At a restaurant the other day, I couldn’t help but notice a couple beside us stuffing themselves silly with everything I love—fat, sugar, carbs, and alcohol. Not a veggie in sight. I think I stared at them for a bit (not being able to control myself), floored at the amount of food pounded back, and by the carbohydrat-ic calories consumed. Must be nice to be able to eat whatever you want, whenever you want, with no thought to gastrointestinal distress or future cholesterol readings.
Okay fine, maybe I was a teensy, tiny bit jealous. I like food a lot. I like making it and eating it, I like playing with textures and colours and sampling different cuisines. But I especially like comfort food, probably because it’s just so darn comfortable. It’s usually full of everything I shouldn’t eat, which is why it tastes so good. I sometimes have a selective memory when it comes to eating things I shouldn’t because inevitably I regret when I indulge (and much sooner than I care to admit).
Eating what I want, when I want, always seems like a good idea in the moment. It starts when my eyes see the donuts, my nose smells their Boston-creamed goodness and the Must Eat Now instinct roars to life. It’s hard to back down when the motor’s up and running as food can be just as addictive as any other substance. It’s a strong and powerful instinct, to eat, and thank goodness it is because we have to do it all the time to stay alive and stay healthy. The problem is when the instinct kicks in for the wrong stuff—preferring the “vitamin-enriched,” mass-produced and processed foods over vitamin-full and nourishing real foods: for donuts instead of carrots or fast food instead of 100% beef.
Because that stuff never satisfies—the fake stuff. It leaves you with an almost-constant hunger for more of the same. The more we consume, the more unsatisfied we are, the more we want, and the more the fake stuff harms us—like the acid in pop leaching minerals out of our bones, or the sugar in chocolate bars stressing the pancreas to breaking point. Vicious cycle, I know, but hardly new, and it can be applied to anything from food and sex to sports and technology and everything in between. Whenever we take something intrinsically good and elevate it, giving it a place of higher significance in our lives than it deserves or needs to be, the same thing will happen: death of some kind.
We’re always doing it—elevating things inappropriately. We were made to be incomplete, in a certain sense. There’s a hole in the core of our being somewhere, an intangible-yet-concrete void that we all instinctively want to fill up (because as we all know, nature abhors a vacuum). So we’re restless and needy, curious and relentless in searching for persons, places, events, routines, or things to throw into that void, just to see if they “work.” And those things don’t ever work or make us happy—at least they don’t when it’s something other than God. But that doesn’t stop us from trying to fit whatever else in there, and living purposeless, shallow, un-peaceful lives in the meantime. We’re all guilty of doing this, to different degrees. If you’re not actively doing it now, give yourself some time. That big screen television or the “perfect wedding” ideal might make it’s way deeper into your heart at some point, if you’re not careful.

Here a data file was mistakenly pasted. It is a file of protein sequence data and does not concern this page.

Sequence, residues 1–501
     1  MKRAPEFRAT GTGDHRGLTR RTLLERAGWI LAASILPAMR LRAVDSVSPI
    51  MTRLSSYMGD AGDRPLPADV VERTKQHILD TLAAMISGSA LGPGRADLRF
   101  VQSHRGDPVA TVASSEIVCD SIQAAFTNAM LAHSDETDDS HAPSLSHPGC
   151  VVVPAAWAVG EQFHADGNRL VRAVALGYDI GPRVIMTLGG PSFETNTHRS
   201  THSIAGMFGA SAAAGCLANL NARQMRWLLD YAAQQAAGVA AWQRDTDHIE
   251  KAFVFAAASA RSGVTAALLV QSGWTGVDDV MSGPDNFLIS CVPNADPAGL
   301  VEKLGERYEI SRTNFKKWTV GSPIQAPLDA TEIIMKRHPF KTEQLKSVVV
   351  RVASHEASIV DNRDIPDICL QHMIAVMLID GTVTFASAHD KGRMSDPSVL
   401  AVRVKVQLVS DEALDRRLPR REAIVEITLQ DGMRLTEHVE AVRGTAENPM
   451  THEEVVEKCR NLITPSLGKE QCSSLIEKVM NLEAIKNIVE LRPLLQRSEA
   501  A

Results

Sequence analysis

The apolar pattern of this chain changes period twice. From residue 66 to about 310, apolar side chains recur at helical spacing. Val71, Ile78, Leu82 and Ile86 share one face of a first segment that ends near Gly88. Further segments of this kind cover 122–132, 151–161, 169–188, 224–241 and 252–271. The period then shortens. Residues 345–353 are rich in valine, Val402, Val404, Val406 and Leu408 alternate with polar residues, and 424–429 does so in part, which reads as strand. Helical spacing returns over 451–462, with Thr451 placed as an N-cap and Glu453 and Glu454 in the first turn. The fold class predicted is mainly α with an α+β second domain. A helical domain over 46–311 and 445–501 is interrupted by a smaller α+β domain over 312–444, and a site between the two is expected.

But the irony is that when we choose to detach ourselves from all the goods that constantly present themselves as viable options to replace God—when we de-clutter our souls enough to invite God in—we find out that not only is He enough to fill every longing we have, but that He provides everything we need, and even what we want. In other words, when we wholeheartedly give to Caesar what is Caesar’s; we are then able to give to God what is God’s. And then God gives us what we need from Caesar’s booty, because it all belongs to God anyways! Sweet deal, eh? The gospel reading from Matthew a few Sundays ago spoke to this. It was the parable of the king preparing the wedding feast that nobody who was invited wanted to attend—they all had MUCH more important things to do and ignored the king, even though he had prepared the finest of foods. God provides the best of the best for us, if not in this life, then in the next. But first he wants us to remove every other false love from our hearts so as to allow him, and him alone, to enter and reign there.
Because at the centre of all of this is a raging battle for our hearts, for our love and fealty. The Lord will not be upstaged by donuts or televisions or sports or careers. He won’t allow us, in his great and tolerant mercy, to live our lives anchorless, wandering around aimlessly looking for Ba’als made of gold, flour, or plastic. When I was growing up I had this thing about my clothes. I was one of eight children so my clothes often went missing in the wash, got lost, damaged, or worn by my siblings. It annoyed me so much I did my own laundry, keeping my things meticulously separated from everyone else’s. I remember one time when I freaked out because I lost a sock. One. Sock. Thank God I lost it—both the sock and my mind—because it was a very telling moment for me. My clothes were making their way into my heart, into the place where only God should reside; I was elevating smelly dirty old socks to a seat of royalty.
So take care. “Be on your guard against all kinds of greed; for one’s life does not consist in the abundance of possessions” (Lk 12:15). Those possessions (or routines, experiences, and persons) always start out pretending to fulfill, but inevitably let us down, hard. We think we’re eating the choicest of foods, living the cushiest of lives, yet it all turns to ashes in our mouths. Only God fulfills. Only God gives contentment, joy, and peace. Anything else is just processed fat and sugar: tastes oh so good going down, but in the end, it kills.